By Mark Hulbert, MarketWatch
ANNANDALE, Va. (MarketWatch) -- The major market averages were more or less flat on Monday, giving neither the bulls nor the bears a lot of ammunition.
Times like these give us the opportunity to step back and consider some more basic issues of investing.
The one I propose focusing on in this column has been a particularly hot topic over the last couples of years: How independent is the person to whom you turn for investment advice? How does the adviser get paid? Is there an incentive to provide certain recommendations?
We no doubt remember the celebrated cases of recent years in which Wall Street analysts transformed a sell recommendation into a buy under pressure from their firms' investment banking divisions. Such instances are outrageous, and the perpetrators no doubt deserve all the sanctions that they have received.
But the effect of a lack of independence is often a lot more subtle than these egregious examples. Consider a recent study of the mutual fund coverage provided by three widely-followed finance magazines and two major newspapers. The study's authors are Jonathan Reuter, an assistant professor of finance at the University of Oregon, and Eric Zitzewitz, an assistant professor of economics at Stanford University. ( Click here to read their study .)
The professors found that, for each of three magazines that were studied, a mutual fund was more likely to be mentioned favorably if it had advertised heavily in that magazine. You can read the original study if you're interested in these magazines' identities, but I will say that the professors found no correlation between advertising and favorable mentions at either of the newspapers studied: The Wall Street Journal or the New York Times.
The researchers are careful to stress that the correlations they found do not guarantee that the ad sales were the cause of the increased frequency of favorable mentions. However, they subjected their findings to any of a number of statistical tests designed to eliminate the most obvious of other possible explanations.
You might think, for example, that mutual funds advertise more heavily when they have something to brag about, and that their better performance is what led journalists at these magazines to mention the funds more frequently and favorably.
But the professors are skeptical of this explanation. They designed their studies to control for all observable fund characteristics, including past performance, and still found that heavier advertising led to more favorable mentions in certain financial magazines.
What this means: Even between two funds with identical track records and other characteristics such as expense ratio, the one that advertised more heavily was more likely to receive favorable mentions in these magazines.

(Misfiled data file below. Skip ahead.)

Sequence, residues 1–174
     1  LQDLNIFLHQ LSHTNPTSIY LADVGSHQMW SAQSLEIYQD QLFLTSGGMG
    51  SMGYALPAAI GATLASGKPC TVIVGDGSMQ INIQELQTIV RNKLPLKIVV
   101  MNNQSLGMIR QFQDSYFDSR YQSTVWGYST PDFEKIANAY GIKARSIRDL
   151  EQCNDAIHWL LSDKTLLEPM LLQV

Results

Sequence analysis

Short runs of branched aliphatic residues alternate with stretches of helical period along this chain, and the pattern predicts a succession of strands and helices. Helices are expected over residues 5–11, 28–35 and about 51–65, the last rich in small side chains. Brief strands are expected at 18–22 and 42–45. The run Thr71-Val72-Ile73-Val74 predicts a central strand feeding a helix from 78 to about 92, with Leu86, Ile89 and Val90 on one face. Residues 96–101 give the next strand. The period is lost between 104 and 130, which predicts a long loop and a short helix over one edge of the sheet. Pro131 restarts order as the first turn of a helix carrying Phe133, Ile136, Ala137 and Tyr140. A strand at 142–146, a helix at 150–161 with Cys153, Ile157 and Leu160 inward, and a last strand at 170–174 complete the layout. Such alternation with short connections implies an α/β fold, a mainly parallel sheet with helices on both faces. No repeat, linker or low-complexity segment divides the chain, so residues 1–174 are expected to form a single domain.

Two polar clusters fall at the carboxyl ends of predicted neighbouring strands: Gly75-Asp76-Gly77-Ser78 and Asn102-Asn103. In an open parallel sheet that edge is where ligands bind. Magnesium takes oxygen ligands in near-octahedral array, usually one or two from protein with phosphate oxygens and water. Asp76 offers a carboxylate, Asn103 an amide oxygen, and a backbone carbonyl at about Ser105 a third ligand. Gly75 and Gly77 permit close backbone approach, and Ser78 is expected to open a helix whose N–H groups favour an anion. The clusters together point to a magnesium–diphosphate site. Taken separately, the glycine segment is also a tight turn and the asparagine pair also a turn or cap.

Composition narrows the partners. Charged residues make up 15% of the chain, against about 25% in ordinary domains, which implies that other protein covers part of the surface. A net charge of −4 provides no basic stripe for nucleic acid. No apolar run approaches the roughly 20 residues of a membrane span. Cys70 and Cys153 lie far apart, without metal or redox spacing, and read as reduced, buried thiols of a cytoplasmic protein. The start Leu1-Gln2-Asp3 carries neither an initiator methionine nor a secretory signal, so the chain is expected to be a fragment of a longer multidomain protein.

The professors' findings should not come as a huge surprise, of course. Journalists are human beings, and it's difficult not to be influenced - even unconsciously - by companies that are spending substantial sums to run ads in their magazines.
It's this lack of independence on the part of Wall Street and some in the financial media that makes investment newsletters appear attractive to many investors. With few exceptions, these newsletters run no advertising, for example. Nor for the most part are they published by firms associated with investment banks or brokers.
To be sure, investment newsletter editors are not immune to outside influence. As I pointed out in a recent column, a few newsletter editors in recent years have been part of a novel marketing arrangement in which they publicize their strong recommendation of a company in a promotional campaign paid for by that company. (Read archived column.)
These newsletters are the exception. For the most part, when a newsletter recommends a mutual fund, chances are high that its editor really and truly believes that it is the best bet for his subscribers.
With this thought in mind, I decided to construct a list of those mutual funds most highly recommended by newsletters with the best long-term performances, as calculated by the Hulbert Financial Digest. This performance filter was yet another safeguard against biased advice, since it presumably is unlikely that a newsletter will have beaten the market over the longer term by peddling biased advice.
Specifically, I defined this subset of newsletters to include those that had beaten a buy-and-hold in the stock market over the last decade on a risk-adjusted basis. Twenty-seven newsletters made it into this select group, and here are the funds recommended at least five of them:
The most recent edition of the Hulbert Financial Digest is available by e-mail or regular mail. Highlights include:
Bear facts: The best performing newsletters right now are significantly more bullish than the laggards.
Performance scoreboards, most/least popular stocks and funds, market exposure among timers
Profiles: Bob Brinker's Marketimer, Dow Theory Forecasts, The No-Load Fund Investor and OTC Insight